Many Baltimore residents have lost their homes, or access to running water in their homes simply because they cannot afford to pay the city's ever-increasing water rates. When households cannot afford to pay their water bills, the city shuts off their water service or sends their homes to tax sale. The city needs a water affordability program as one in three households are unable to afford the increasing service rates. The astronomical increases will disproportionately threaten the financial livelihood of many of the city's low-income, elderly and of-color residents.
The astronomical increases will disproportionately threaten the financial livelihood of many of the city’s low-income, elderly and of-color residents.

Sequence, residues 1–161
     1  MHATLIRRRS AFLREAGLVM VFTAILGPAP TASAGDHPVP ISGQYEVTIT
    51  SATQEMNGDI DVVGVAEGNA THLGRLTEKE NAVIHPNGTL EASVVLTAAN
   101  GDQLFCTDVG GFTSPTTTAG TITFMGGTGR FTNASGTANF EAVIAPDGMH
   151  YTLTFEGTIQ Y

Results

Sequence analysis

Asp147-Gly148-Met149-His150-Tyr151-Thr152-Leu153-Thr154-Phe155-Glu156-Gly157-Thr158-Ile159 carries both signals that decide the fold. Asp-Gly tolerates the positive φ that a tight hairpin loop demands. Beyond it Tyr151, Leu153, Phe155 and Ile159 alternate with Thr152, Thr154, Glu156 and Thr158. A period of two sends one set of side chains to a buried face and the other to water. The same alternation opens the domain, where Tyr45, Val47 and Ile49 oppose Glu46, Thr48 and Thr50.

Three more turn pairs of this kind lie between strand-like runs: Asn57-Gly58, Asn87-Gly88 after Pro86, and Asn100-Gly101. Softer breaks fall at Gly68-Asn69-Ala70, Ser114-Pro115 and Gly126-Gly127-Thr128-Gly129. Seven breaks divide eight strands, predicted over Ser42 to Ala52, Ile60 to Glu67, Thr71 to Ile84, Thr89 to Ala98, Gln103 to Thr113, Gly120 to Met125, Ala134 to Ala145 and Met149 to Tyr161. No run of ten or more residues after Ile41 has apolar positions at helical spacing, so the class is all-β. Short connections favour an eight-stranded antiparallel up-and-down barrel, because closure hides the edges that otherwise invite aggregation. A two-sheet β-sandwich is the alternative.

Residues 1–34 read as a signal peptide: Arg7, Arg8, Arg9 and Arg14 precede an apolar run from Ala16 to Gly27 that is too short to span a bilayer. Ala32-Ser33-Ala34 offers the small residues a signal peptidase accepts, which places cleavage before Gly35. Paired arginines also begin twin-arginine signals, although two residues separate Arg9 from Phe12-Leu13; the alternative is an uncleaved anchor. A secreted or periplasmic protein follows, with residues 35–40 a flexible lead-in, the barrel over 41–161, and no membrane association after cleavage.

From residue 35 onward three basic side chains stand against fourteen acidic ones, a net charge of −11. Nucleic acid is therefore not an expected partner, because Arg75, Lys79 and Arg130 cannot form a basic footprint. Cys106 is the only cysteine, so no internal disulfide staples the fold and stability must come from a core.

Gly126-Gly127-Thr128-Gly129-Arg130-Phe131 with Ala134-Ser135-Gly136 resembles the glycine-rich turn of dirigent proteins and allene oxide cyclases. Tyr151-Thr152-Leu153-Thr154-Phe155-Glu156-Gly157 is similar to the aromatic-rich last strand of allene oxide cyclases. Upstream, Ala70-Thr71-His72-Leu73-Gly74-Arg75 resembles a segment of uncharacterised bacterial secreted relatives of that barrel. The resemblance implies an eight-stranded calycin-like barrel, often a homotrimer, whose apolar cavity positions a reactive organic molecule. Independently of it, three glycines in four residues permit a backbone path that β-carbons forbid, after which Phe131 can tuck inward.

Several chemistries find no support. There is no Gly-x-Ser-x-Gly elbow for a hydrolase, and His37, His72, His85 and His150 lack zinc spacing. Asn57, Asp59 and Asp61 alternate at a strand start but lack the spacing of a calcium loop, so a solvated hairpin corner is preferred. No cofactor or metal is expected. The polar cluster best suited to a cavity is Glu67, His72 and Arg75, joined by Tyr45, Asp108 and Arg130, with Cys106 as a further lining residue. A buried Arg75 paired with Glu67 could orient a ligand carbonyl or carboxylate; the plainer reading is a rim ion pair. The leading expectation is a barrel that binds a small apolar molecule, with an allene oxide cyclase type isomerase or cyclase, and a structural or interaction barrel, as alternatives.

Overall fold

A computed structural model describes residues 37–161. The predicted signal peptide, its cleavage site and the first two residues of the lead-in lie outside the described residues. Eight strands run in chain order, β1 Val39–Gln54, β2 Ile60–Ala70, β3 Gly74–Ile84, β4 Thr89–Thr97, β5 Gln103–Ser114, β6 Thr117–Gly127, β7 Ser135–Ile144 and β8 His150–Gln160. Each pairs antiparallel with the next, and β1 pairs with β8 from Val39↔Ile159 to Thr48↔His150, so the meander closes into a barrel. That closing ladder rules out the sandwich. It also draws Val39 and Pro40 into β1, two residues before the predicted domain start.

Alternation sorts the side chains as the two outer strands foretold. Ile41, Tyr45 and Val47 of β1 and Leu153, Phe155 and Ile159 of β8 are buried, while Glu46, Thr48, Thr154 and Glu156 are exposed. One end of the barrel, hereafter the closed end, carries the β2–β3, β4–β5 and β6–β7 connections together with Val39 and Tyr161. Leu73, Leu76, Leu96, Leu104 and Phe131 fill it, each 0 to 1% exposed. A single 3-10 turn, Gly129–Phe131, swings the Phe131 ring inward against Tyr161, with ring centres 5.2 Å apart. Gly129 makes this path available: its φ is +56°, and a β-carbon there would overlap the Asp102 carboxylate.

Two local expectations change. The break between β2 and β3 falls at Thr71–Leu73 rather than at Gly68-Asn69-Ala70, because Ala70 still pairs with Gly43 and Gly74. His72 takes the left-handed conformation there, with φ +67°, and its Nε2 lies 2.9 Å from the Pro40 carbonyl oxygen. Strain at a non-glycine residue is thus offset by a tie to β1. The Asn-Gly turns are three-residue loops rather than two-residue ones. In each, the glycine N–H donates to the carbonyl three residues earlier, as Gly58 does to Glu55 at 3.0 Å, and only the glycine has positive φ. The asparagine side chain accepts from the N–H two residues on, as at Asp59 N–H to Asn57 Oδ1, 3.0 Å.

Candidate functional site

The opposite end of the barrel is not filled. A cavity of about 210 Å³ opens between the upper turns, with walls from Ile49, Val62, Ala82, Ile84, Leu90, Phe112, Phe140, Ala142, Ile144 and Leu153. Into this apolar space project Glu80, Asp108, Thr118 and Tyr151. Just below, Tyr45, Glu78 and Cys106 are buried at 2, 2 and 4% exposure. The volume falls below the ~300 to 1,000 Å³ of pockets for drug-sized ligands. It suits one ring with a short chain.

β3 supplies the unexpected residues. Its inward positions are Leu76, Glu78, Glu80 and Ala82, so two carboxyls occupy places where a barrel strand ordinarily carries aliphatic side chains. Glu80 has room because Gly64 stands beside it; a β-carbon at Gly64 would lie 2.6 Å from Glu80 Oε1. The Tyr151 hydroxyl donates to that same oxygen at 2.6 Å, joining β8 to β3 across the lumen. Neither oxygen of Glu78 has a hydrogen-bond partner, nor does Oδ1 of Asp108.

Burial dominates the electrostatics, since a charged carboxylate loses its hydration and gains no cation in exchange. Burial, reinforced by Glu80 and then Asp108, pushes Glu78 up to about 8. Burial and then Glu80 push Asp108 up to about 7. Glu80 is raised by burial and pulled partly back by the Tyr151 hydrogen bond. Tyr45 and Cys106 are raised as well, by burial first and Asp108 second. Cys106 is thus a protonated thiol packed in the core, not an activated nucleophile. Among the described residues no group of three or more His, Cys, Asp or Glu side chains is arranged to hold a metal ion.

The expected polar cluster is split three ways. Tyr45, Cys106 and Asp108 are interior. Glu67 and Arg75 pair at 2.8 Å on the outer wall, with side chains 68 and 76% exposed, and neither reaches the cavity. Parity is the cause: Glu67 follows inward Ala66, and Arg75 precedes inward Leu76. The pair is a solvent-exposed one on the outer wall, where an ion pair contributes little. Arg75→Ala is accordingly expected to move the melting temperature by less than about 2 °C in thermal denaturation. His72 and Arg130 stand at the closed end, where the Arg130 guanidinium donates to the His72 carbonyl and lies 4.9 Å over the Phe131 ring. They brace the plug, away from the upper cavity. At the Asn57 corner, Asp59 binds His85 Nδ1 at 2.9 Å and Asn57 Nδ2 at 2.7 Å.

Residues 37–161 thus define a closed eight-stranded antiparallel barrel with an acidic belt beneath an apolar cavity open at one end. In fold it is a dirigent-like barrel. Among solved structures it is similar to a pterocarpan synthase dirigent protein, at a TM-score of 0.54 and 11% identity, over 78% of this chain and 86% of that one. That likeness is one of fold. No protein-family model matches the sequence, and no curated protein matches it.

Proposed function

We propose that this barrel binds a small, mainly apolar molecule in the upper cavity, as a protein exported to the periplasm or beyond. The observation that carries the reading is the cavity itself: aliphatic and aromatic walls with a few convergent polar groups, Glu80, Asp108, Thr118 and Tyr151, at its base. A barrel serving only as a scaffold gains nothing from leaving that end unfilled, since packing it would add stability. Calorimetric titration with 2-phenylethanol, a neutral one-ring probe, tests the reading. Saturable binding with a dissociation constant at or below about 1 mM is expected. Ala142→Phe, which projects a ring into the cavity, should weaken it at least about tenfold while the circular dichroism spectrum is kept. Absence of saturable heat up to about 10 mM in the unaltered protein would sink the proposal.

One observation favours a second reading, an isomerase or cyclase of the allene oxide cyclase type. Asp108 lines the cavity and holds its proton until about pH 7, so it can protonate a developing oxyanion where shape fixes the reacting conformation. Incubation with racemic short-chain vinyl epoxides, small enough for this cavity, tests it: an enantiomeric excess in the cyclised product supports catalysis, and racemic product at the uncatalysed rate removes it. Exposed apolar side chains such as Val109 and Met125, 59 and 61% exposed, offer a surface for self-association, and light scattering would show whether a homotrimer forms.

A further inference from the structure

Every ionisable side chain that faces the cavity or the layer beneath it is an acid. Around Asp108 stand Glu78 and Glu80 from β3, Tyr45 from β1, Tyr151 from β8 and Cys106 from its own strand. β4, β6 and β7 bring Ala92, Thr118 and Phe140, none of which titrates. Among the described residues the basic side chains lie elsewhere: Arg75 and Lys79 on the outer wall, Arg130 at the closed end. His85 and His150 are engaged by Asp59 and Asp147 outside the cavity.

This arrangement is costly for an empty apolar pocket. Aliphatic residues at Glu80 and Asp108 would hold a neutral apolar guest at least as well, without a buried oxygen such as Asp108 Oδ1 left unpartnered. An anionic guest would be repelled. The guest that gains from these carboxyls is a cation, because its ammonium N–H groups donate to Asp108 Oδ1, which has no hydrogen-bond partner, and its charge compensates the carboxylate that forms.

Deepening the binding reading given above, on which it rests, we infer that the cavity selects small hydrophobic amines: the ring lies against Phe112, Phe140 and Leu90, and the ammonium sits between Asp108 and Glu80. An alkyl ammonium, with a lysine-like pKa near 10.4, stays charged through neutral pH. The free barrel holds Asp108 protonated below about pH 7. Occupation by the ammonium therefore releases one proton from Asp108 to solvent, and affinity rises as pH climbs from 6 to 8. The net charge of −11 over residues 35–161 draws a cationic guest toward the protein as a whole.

Residents of Baltimore deserve a tangible solution to affordable water access for all. An income-based water affordability program that takes into account the varying levels of economic status and water usage amongst residents could ensure a well-funded water and sewer department and water access for all. Water accessibility and affordability are human rights necessary to ensure public health and thriving communities. As the United Nations declared in 2014: "It is contrary to human rights to disconnect water from people who simply do not have the means to pay their bills".
As Baltimore plans to invest nearly $2 billion in water and sewage infrastructure over the next five years, the city has the opportunity to set a precedent for equitable water and sewage services. For more information on the necessity of a just water-service affordability program, read the fact sheet.